A Georgia police sergeant, who’s served on the force for 20 years, was shocked when detectives informed her that she was under investigation. Incredibly, she would soon be out of a job all because of one man’s complaint about the display in her front yard.
As a 20-year veteran of the force, Sergeant Silvia Browning Cotriss dedicated her life to serving the citizens of Atlanta, Georgia. Typically, her job consisted of putting away bad guys and making her community a safer place for law-abiding residents. Unfortunately, she found herself on the wrong side of an investigation.
According to the Atlanta Journal-Constitution, Roswell Police detectives informed Cotriss that she was placed under investigation for “conduct that was unbecoming” of an officer after a civilian filed a formal complaint about her yard display. The offensive exhibit in question — a Confederate flag flying just below her American flag.
The offended party was none other than Lee Jenkins, the pastor of Eagle Nest Church. Sadly, Jenkins has made his church less of a house of worship and more of a platform for political activism, encouraging members to participate with neo-Marxist organization Black Lives Matter and advocating for “racial justice.” In fact, he even has a sermon called “When they go low, we go high,” titled after Michelle Obama’s famous catchphrase. Also, he led a march with the BLM in Roswell.
“How can we trust an officer like that to do their job with integrity?” Jenkins told CBS46.
Jenkins wasn’t about to allow Cotriss to get away with flying a flag he finds offensive on her personal property. As such, he reported the sergeant to Roswell Police Chief Rusty Grant, who launched the internal investigation. Just four days later, Cotriss was fired from her position but maintains that she has never seen the flag as a symbol of hate.
“If I knew it offended someone, my friends, my family, I wouldn’t do it,” Cotriss told the AJC. “Police officers have to adjust a lot of things in our lives, and for 20 years my whole life has been about making change and being held to a higher standard. We take an oath to help and protect people, so we can’t have a private life that’s really bad.”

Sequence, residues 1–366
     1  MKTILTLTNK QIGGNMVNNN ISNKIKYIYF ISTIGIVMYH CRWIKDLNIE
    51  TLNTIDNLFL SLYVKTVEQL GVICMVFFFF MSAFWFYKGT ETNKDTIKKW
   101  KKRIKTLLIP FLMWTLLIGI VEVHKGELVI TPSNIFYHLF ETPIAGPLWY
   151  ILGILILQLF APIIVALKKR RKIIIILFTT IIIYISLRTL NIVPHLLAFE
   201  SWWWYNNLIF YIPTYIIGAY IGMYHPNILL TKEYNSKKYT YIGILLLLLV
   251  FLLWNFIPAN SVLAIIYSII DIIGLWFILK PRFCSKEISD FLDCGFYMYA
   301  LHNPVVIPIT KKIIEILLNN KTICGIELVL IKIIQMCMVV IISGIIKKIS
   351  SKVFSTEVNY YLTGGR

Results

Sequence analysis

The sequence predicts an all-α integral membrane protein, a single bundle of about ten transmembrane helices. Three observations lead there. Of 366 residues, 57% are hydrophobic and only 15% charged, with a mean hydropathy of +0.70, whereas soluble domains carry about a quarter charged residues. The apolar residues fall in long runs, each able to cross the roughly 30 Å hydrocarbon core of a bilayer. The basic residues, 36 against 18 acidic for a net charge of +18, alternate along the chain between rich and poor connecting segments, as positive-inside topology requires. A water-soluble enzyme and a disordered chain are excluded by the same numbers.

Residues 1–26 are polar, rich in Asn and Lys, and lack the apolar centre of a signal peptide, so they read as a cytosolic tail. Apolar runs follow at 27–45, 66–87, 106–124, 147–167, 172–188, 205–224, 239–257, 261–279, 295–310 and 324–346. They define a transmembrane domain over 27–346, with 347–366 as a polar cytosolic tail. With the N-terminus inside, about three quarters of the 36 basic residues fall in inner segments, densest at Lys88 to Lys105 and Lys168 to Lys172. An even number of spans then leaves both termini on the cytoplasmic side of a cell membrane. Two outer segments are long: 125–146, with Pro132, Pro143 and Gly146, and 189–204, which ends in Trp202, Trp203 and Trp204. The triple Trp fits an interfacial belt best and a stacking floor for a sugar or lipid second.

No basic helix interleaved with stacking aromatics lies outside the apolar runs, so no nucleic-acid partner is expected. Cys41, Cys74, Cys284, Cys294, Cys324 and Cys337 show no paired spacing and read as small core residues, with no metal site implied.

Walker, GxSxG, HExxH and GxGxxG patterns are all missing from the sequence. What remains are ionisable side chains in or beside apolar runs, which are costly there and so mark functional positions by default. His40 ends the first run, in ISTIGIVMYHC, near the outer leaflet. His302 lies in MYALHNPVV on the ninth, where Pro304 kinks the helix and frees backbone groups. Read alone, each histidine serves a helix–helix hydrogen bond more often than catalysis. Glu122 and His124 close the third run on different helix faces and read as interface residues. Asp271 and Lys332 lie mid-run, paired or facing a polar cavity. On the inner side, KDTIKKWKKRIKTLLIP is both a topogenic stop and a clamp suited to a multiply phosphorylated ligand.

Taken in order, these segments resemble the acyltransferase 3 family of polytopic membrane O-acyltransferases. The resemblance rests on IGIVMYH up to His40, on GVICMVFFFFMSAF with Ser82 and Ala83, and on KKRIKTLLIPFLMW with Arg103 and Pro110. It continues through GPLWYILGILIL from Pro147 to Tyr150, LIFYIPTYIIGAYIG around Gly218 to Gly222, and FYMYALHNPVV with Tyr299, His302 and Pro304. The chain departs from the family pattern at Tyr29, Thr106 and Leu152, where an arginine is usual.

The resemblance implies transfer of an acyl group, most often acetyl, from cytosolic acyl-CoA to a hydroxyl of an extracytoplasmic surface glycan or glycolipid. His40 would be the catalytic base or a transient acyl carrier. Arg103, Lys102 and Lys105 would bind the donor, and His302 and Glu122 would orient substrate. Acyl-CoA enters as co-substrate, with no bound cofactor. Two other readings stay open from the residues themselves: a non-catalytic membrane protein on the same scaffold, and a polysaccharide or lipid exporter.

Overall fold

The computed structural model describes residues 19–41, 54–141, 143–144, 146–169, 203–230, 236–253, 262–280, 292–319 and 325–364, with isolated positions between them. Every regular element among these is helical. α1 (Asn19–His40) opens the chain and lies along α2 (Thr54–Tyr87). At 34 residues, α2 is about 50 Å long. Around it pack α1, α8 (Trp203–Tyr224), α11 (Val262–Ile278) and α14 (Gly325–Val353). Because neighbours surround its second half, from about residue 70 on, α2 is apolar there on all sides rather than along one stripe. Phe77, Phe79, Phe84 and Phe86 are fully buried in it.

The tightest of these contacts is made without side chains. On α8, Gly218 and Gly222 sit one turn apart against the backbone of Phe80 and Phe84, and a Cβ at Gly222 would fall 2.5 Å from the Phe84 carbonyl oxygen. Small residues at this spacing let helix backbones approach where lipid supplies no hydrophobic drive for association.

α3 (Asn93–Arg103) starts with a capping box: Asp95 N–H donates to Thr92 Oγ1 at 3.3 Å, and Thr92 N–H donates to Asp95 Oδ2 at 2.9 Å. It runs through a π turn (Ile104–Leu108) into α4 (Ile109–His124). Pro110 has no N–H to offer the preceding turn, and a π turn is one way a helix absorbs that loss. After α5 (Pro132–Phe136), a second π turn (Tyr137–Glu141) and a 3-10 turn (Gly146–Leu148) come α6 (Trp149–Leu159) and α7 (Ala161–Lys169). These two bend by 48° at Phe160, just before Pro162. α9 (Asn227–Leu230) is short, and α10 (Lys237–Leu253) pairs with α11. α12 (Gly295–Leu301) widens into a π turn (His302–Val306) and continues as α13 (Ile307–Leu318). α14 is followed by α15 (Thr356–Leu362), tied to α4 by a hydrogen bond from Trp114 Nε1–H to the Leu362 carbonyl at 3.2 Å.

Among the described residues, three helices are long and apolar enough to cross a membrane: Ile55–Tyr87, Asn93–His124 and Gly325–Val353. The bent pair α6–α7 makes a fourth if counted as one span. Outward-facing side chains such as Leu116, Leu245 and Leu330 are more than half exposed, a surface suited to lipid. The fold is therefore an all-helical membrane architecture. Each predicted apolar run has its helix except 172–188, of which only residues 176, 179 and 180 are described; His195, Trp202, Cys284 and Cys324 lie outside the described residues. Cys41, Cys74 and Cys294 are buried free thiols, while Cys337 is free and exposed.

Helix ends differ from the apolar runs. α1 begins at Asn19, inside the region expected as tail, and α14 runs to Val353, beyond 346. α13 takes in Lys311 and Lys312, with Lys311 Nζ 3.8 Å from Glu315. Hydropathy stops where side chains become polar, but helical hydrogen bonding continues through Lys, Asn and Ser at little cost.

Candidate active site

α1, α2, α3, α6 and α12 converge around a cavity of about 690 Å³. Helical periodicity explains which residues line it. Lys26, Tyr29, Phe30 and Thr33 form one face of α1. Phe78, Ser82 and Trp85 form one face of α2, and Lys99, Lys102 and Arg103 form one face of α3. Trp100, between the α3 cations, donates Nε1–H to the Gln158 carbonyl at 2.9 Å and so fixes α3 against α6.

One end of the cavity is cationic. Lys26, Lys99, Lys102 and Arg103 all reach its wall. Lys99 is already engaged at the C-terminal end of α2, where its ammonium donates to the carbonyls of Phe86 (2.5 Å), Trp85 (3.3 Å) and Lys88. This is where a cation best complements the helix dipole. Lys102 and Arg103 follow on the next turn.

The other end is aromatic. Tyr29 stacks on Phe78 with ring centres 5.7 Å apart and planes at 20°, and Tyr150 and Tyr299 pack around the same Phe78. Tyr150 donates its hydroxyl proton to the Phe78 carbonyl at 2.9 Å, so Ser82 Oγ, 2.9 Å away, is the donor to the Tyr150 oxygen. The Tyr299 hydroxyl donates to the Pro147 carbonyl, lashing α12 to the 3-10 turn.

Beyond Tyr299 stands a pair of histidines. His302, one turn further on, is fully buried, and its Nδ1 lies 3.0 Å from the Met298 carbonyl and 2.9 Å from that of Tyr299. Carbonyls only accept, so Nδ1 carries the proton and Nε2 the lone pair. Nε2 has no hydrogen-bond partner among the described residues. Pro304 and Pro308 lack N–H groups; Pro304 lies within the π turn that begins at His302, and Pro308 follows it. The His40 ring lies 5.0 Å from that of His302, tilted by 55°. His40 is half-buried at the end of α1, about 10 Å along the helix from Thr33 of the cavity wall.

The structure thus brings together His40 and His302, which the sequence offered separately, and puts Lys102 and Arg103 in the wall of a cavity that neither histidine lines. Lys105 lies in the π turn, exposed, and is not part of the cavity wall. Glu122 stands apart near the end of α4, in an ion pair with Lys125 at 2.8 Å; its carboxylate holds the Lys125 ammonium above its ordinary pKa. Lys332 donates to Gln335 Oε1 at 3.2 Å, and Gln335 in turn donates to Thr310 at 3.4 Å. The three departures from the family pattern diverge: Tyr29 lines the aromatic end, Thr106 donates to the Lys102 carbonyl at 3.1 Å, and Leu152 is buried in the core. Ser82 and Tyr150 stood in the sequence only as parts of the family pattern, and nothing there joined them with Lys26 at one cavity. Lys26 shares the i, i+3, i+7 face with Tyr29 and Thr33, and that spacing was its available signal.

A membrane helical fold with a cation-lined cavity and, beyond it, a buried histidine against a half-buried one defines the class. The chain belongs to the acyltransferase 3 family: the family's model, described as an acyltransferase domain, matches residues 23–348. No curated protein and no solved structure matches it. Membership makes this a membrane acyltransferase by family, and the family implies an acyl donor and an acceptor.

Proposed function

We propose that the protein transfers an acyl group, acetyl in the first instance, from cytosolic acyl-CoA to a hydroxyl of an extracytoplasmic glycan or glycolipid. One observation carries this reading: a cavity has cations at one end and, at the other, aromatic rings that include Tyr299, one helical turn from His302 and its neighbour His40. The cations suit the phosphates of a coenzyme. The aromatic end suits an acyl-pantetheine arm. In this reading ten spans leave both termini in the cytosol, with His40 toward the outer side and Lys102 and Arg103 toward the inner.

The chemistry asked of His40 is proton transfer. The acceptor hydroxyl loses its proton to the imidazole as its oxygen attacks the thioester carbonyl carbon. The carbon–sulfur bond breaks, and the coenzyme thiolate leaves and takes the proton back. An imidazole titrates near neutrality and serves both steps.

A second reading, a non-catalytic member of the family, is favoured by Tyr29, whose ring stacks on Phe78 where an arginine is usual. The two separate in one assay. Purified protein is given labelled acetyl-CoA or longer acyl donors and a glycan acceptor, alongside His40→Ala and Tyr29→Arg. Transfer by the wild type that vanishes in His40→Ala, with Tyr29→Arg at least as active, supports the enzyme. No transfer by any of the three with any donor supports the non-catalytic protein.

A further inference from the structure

Cotriss claims that she didn’t realize the flag had become such a point of contention across the nation. She explained that she avoids watching the news because “we live it in the day and don’t want to see it again at night.” For her, it’s about her southern heritage and the fact that the flag was given to her by her late husband.
“Cotriss explained that the flag was part of her history, part of the South, part of history involving the Civil War. She denied having negative feelings regarding the flag,” according to the report.
“I was shocked at her obliviousness regarding the confederate flag,” Pastor Lee Jenkins, of Eagles Nest Church, said.
Jenkins lauded the chief’s decision to fire Cotriss after 20 years of service. The pastor claimed that he merely wants a “dialogue” and to “listen to each other.” However, he offered no such discussion to Cotriss when he reported her for misconduct.
“I appreciate the chief maintaining a high level of professional and ethical standards in the police force, and whatever decision he makes, I support because I know he is trying to do the right thing,” Jenkins said. “So I believe one of the answers is dialogue, and maybe if we could come to the table, listen to each other, we can see unity and maybe we’ll see the dial move just a little bit.”
Despite getting fired, Cotriss’ main goal is to continue serving her community. Putting aside her grievance, she explained that she’d like to meet with the pastor and his predominantly black congregation to repair the relationship with law enforcement.
“If it offends the church, we want to work with them,” Cotriss said. “That’s what we’re all striving for is peace and unity.”
People are so determined to justify their victimhood mentality that they go ghosthunting for a racist around every corner. When they don’t find actual evidence of real racism, they create it for themselves. Cotriss is most likely not racist, and her community isn’t better off with her removed from the police force. However, instead of opening up a “dialogue,” as Jenkins’ claims, and trying to understand why each of them has a different view of the flag, he sought to punish the dissenter. Unfortunately, Pastor Jenkins must bolster the freedom-fighter persona he’s made for himself, and Cotriss was nothing more than a sacrificial lamb to pad his activism.